Whenever a notable Canadian artist (writer, painter, actor, designer, dancer, you name it) dies, one of the first ports of call for the astute obituary editor these days is the Toronto studio of John Reeves.
Need a beautifully composed, well-nigh definitive portrait of Josef Skvorecky? Rob McConnell? Jackie Burroughs? How ’bout June Callwood in her early 40s? Chances are good, very good, that Mr. Reeves has it in his files. Seventy-four in April, he’s been a professional photographer for so long for so many clients, extant and deceased – his first assignment, photographing important historic documents at Library and Archives Canada for the now-defunct Provincial’s Paper magazine, occurred a half-century ago this past month – that it’s likely easier to name those he hasn’t squinted at through his viewfinder than those he has. No wonder he’s prone to calling himself “the embalmer of slivered time.”
Admittedly, Mr. Reeves doesn’t do that much original shooting these days. Partly this is a reflection of time’s onward march and the vagaries of changing taste: “You aren’t gonna be at the top of everybody’s Rolodex forever,” he said with a philosophic shrug during a recent interview at his office/home off Queen Street East near the Don River. Partly it’s because “I have the luxury now of basically being able to do what I want to do” even if “the dough isn’t what it used to be.” One looming possibility is a session with Leonard Cohen, last year’s winner of the $50,000 Glenn Gould international prize. Mr. Reeves has been taking the official portrait of the winner at the behest of the Glenn Gould Foundation since the prize’s inception in 1990. In the meantime, “a lot of what I do is administering what I’ve already done.” Like sending the Times Literary Supplement a picture of Alice Munro he took decades ago to illustrate a recent review of her selected short stories. Or providing a 30-page section of portraits of Inuit artists for a book marking the 50th anniversary of the Cape Dorset print-making project.
Given the duration of his career and extent of his experiences, Mr. Reeves is, unsurprisingly, a fount of anecdotes, his language occasionally as imagistic as anything he’s ever caught in his camera. But he’s not one to rank his voluminous output according to favourites or what subject was the most prominent or the most difficult or the easiest or most intimidating. “I don’t, to my mind, have bad sessions,” he said. “In a way, they’re all favourites. Why? Because in most instances, I don’t know them and I want to. … It’s the process that interests me, the business of meeting people and trying to elicit information about them.”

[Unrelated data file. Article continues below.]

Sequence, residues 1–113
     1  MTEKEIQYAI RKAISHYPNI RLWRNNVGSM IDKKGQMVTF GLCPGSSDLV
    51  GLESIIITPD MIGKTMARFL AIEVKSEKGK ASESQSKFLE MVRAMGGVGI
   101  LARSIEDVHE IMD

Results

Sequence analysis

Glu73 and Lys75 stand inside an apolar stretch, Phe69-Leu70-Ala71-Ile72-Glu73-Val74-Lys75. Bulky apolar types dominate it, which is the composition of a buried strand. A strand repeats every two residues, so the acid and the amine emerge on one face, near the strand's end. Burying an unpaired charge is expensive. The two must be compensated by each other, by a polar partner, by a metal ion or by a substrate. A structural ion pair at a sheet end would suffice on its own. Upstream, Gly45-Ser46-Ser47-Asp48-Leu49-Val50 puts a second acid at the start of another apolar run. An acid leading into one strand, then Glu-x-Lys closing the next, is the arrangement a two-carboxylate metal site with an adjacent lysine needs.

While Mr. Reeves has done his share of environmental portraits over the decades – painter William Ronald with a nude (female) assistant in his studio, 100-year-old piano instructor Louise Murch at her keyboard – he’s perhaps best known for his up-close renderings of faces, sometimes so close as to deserve the term “pore-ous.” Mr. Reeves firmly believes “the face can tell the story a lot of the time.” But “you really have go in there and engage. It’s not me imposing my thing on them, playing with them, doing funny things to them. It’s me looking for them to decide what they want to do for the camera. They come up with what they’ve got and, hopefully, I’m into that giving moment. It’s there. It’s done. And then you might as well pack up.”
During the interview, Mr. Reeves voiced particular enthusiasm for a photograph/essay package he prepared on taxi dispatcher Ronnie Guglietti for Toronto Life in 1988. Mr. Guglietti is one of those personal canon guys – “the King of the Voice Dispatchers,” in Mr. Reeves’s words, whom he first encountered in the late fifties or early sixties when he was driving a cab while attending what is now the Ontario College of Art and Design University and wondering if “photography [was]something I should think about doing.” Mr. Guglietti never drove a car “but he had this impeccable map of the city in his head,” Mr. Reeves recalled. “You never argued with him about a location.” And, with a voice informed by close listening to Frank Sinatra records, he would authoritatively and mellifluously manoeuvre dozens of cabs hither and thither with nary a hiccup.
Mr. Guglietti, in short, embodies one of Mr. Reeves’s favourite things – “someone who understands what they’re doing in a very profound way … They’re inside their gesture.” It’s a description that easily fits Mr. Reeves himself. Indeed, 20 years ago poet-novelist-publisher-friend Barry Callaghan likened Reeves, a long-time and passionate jazz buff, to a great tenor saxophonist like Ben Webster or Sonny Stitt: “He can ripple all over the scales but what he really has is the casual sureness to hit the big whole note and hold it, and hold it, and let the silences gather and the stillnesses seep in.”